Article: The Cybercrime Law and How It Affects Your Freedom of Expression
By: Atty. Mel Sta. Maria, News5
On September 12, 2012, President Aquino signed Republic Act No. 10175 otherwise known as the Cybercrime Prevention Act of 2012. It provides a number of provisions which penalize a number of acts which may be committed only by individuals who are deep in cyber-technology. It also provides provisions which may put anybody, computer-savvy or not, in trouble of ending up in prison.
I would rather talk about the latter implications of the new law because they involve the members of the general public who probably may not even know that, in writing something in their computer, they may already be committing an act that may put them behind bars. These provisions may infringe their constitutional freedom of expression.
Section 4 (4) of the Cybercrime law provides that "the unlawful and prohibited acts of libel as defined in Article 355 of the Revised Penal Code, as amended, committed through a computer system or any other similar means which may be devised in the future." Libel is a content-related offense that can be committed by just about anybody using the computer.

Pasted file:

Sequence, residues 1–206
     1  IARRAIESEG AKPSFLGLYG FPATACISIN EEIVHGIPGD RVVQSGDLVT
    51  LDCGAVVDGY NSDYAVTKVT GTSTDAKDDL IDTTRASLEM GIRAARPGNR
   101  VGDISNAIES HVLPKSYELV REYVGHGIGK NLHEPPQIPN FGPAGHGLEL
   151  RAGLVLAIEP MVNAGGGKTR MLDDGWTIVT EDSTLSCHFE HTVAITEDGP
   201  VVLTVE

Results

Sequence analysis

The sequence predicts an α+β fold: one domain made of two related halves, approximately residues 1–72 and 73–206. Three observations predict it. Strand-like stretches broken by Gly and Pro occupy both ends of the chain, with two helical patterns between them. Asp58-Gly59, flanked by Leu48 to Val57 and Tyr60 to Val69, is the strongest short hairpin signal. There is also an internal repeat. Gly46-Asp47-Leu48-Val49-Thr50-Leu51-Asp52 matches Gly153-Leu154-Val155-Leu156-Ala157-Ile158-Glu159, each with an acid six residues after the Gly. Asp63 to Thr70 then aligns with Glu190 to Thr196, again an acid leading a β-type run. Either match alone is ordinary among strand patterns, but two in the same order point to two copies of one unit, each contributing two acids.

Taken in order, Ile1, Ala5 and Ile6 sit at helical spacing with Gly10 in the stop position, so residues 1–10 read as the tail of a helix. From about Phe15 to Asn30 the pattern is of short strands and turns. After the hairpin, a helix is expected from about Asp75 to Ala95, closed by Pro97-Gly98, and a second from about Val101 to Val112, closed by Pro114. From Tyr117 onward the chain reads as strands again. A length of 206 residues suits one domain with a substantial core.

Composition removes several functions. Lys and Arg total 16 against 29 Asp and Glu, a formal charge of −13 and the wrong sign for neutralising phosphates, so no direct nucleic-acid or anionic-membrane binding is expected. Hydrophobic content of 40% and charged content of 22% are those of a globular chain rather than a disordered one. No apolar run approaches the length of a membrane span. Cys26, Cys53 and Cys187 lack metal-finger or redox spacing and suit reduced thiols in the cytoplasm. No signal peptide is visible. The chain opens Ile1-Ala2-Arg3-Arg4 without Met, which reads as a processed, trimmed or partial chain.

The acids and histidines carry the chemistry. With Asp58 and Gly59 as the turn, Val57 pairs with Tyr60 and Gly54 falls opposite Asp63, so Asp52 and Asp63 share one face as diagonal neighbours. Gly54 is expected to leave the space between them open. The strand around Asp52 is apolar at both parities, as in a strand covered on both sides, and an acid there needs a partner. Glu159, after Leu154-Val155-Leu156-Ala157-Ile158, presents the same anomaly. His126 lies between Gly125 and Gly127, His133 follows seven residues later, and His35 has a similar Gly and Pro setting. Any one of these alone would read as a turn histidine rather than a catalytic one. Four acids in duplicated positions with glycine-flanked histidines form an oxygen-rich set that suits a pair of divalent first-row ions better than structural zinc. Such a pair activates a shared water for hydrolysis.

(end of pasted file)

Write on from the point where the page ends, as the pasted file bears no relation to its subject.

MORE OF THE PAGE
Libel is defined in Article 353 of the Revised Penal Code (RPC) as a "public imputation and malicious imputation of a crime, or of a vice or defect, real or imaginary, or any act, omission, condition, status, or circumstances tending to cause the dishonor, discredit, or contempt of a natural or juridical person, or to blacken the memory of one who is dead."
"Public" means that the imputation was heard, read or seen by somebody else, regardless of number, other than the person to whom the imputation was directed. Article 355 provides that this can be committed "by means of writing, printing, lithography, engraving, radio, phonograph, painting, theatrical exhibition, cinematographic exhibition, or any similar means". Libel is punishable by imprisonment that can last as long as 4 years and 2 months in...